The burkini ban: what it actually means when we criminalise clothes

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France is tearing itself apart over a swimsuit but its not the first time an item of attire has caused a political cyclone. What we wear has always hidden deeper fears about sexuality, race and class

This is what happens to my scalp in the sunlight. After a few minutes, it runs a mottled pink. Devote it an hour or so, and it runs the colour of a ripe tomato. Shortly after that, it burns really badly, and the next day I develop full-body dandruff. Not a good look.

So I go to the beach well equipped. I wear sunscreen, of course. But also a hat, a scarf to cover my neck and my head as well if its too windy for the hat, a long-sleeved tunic, and light trousers to pull on somewhere between the mottled pink and tomato stage. I long ago is cognizant of the fact that I am never going to go brown, so I cover up, and Im comfy that style. But on a growing number of French beaches, it seems that covering up is now against the law.

Why ban burkinis?

On Tuesday, we insured photographs depicting four armed policemen on a beach in Nicebullying a woman by forcing her to strip off layers. Other women a mum of two, identified only as Siam, aged 34 was also fined on a Cannes beach for garmenting in a similar way, and so apparently not wearing an attire respecting good morals and secularism.

My current beach trousers and tunic are remarkably like those the woman was wearing on the beach in Nice, but we all know how unlikely it would be for me to attract police attention. This legislation is aimed at the burkini, garment that apparently overtly manifests adherence to a religion at a time when France and places of venerate are the target of terrorist attacks. Nor am I likely to get into trouble for wearing a T-shirt with an image of the Buddha, another of my favourite coverups: the only religion being targeted here is Islam.

A women right to choice her own beach attire has long been an area of dispute. In 1907, record-breaking Australian swimmer Annette Kellerman was apprehended on Revere beach in Boston for wearing a sleeveless one-piece swimming outfit remarkably similar to the burkini. It was then considered to be so disclose it was obscene, though a judge subsequently allowed a compromise whereby she could go into the water wearing her revolutionary suit, as long as she was covered by a cape until submerged.


Australian swimmer Annette Kellerman was arrested in 1907 for wearing a sleeveless swimming outfit, ensure to be so exposing that it was obscene Photo: Alamy Stock Photo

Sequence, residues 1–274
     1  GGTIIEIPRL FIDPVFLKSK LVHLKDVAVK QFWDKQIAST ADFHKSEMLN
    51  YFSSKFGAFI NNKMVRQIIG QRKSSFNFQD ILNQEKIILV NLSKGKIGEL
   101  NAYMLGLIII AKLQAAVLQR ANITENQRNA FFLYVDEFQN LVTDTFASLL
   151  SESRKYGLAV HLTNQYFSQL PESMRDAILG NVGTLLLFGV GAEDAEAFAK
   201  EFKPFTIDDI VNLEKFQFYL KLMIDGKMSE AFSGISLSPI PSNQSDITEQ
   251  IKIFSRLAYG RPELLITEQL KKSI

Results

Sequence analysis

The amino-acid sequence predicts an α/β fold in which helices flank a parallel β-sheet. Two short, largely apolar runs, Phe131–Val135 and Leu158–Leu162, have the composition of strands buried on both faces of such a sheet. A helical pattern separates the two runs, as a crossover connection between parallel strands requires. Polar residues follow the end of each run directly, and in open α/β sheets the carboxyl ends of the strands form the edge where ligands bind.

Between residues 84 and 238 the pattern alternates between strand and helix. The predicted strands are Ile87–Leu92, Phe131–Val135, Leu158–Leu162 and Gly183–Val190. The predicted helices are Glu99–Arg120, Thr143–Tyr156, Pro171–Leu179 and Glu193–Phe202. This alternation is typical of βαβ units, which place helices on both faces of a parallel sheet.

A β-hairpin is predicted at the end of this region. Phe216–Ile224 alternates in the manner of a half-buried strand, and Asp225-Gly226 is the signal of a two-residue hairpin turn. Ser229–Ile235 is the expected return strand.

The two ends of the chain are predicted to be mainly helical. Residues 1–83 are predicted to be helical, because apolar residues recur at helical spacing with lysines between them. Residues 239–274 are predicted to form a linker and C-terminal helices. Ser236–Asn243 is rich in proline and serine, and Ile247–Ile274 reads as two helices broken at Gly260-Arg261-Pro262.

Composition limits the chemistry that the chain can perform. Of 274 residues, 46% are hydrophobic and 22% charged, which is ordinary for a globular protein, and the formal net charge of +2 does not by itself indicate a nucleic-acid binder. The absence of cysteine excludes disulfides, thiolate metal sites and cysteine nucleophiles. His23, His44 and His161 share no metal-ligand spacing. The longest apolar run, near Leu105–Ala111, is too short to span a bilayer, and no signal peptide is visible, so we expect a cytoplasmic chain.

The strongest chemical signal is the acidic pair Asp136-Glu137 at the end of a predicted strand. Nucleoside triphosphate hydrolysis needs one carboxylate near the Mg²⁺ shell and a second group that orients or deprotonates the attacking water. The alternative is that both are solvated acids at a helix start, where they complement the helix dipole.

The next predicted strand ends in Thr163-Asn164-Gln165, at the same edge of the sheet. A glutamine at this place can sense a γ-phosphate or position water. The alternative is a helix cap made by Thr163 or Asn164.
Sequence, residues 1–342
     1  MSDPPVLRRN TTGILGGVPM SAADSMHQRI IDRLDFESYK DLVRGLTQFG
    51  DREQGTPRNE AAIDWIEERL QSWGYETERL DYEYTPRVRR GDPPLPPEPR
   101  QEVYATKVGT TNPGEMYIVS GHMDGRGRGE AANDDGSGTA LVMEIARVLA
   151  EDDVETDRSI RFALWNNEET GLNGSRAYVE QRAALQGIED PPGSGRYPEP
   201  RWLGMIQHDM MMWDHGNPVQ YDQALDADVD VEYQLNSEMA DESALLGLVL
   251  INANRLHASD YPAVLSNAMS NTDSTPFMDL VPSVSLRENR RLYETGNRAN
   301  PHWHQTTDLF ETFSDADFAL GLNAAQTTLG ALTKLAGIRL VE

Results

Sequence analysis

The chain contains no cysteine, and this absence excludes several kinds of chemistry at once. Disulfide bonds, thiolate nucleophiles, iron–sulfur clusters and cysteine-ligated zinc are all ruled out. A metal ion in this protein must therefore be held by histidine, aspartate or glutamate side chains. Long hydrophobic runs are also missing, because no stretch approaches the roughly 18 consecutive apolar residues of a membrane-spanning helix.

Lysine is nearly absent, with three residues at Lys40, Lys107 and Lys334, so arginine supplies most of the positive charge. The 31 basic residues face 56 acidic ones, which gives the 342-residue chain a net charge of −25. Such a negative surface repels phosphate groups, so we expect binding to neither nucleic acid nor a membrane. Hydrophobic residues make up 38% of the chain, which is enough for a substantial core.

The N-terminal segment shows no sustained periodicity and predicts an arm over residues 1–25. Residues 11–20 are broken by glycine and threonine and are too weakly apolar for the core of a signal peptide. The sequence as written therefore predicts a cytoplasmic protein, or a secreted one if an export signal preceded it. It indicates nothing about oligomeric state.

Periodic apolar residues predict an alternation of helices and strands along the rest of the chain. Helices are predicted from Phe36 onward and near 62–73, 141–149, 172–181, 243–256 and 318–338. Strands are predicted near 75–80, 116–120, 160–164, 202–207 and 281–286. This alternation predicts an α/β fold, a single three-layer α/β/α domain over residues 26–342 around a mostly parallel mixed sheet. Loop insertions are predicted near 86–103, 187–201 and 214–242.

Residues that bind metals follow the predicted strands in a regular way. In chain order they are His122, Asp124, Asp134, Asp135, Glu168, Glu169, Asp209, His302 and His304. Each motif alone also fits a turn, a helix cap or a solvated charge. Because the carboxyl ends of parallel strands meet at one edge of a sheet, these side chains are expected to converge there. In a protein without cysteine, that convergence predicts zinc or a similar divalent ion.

Still, when the bikini was introduced in the 1950 s, Kellerman proclaimed it was a mistake. Only two women in a million can wear it, she said. And its a very big mistake to try. The bikini shows too much. It shows a line that induces the leg look ugly, even with the best of figures. A body is at its most wonderful when there is one beautiful, unbroken line.

The Pope also condemned the two-piece, although for rather different reasons. It was banned in Italy, Spain and Portugal and, despite Brigitte Bardot posing on a Cannes beach in a bikini in 1953 and Ursula Andress emerging from the sea in an iconic white bikini in Dr No in 1962, it took a surprising sum of time to catch on. But now, it seems, it is our civic and moral duty to showing so much better bare flesh as is practicable while sunbathing, and it is hard to find a womens magazine in springtime that isnt hectoring us to get bikini-ready, to starve, wax, salon tan and exercise our bodies into the desired condition.

To the French minister for womens rights, Laurence Rossignol, wearing as little as possible on the beach has now somehow become a feminist issue.[ The burkini] has the same logic as the burqa: hide womens bodies in order to control them, she has said, seemingly unaware of the contradiction of forcing girls to show their bodies instead. It is not just the business of those women who wear it, because it is the symbol of a political project that is hostile to diversity and womens emancipation.


Brigitte Bardot is photographed in a bikini at Cannes in 1953. Photo: Sipa Press/ Rex/ Shutterstock

Yet, if we go back 170 years or so, what was then known as Turkish dress was controversial for exactly the opposite reason. Inspired by Muslim dress and pioneered by the British performer, writer and anti-slavery campaigner Fanny Kemble, the wearing of long, loose pantaloons under a relatively light, short dress was hugely liberating for European females previously restricted by long, heavy dress, layers of equally heavy petticoats and body-distorting corsets. After US sufferage and temperance activist Amelia Bloomer espoused the look in her magazine, the Lily, in 1851, it turned into a furor on both sides of the Atlantic, and became known as Bloomer dress, then simply bloomers. The backlash from church, media and state was predictable, but their objection was not that this oriental dress style was too modest, but that it was too racy, a sign that women were encroaching dangerously on male territory.

This comes as no surprise. Fashion has always been a dependable barometer of social change, and almost every attempt to prohibit a trend conceals a far deeper anxiety. To pull on the shifting threads of gender, race and class, all we have to do is follow the popular nervousness about what we wear. Or instead, what other people are wearing to upset us.

In his brilliant volume Hooligan: A History of Respectable Fears, Geoffrey Pearson looks back over more than a century of media dreads, investigating our propensity to always believe there was a golden age of safety and peace, usually about 20 years before our own age. It wasnt until the 1890 s, when mass-produced clothes were becoming more affordable and working-class youths were starting to earn money of their own, that these fears get tangled up with fashion.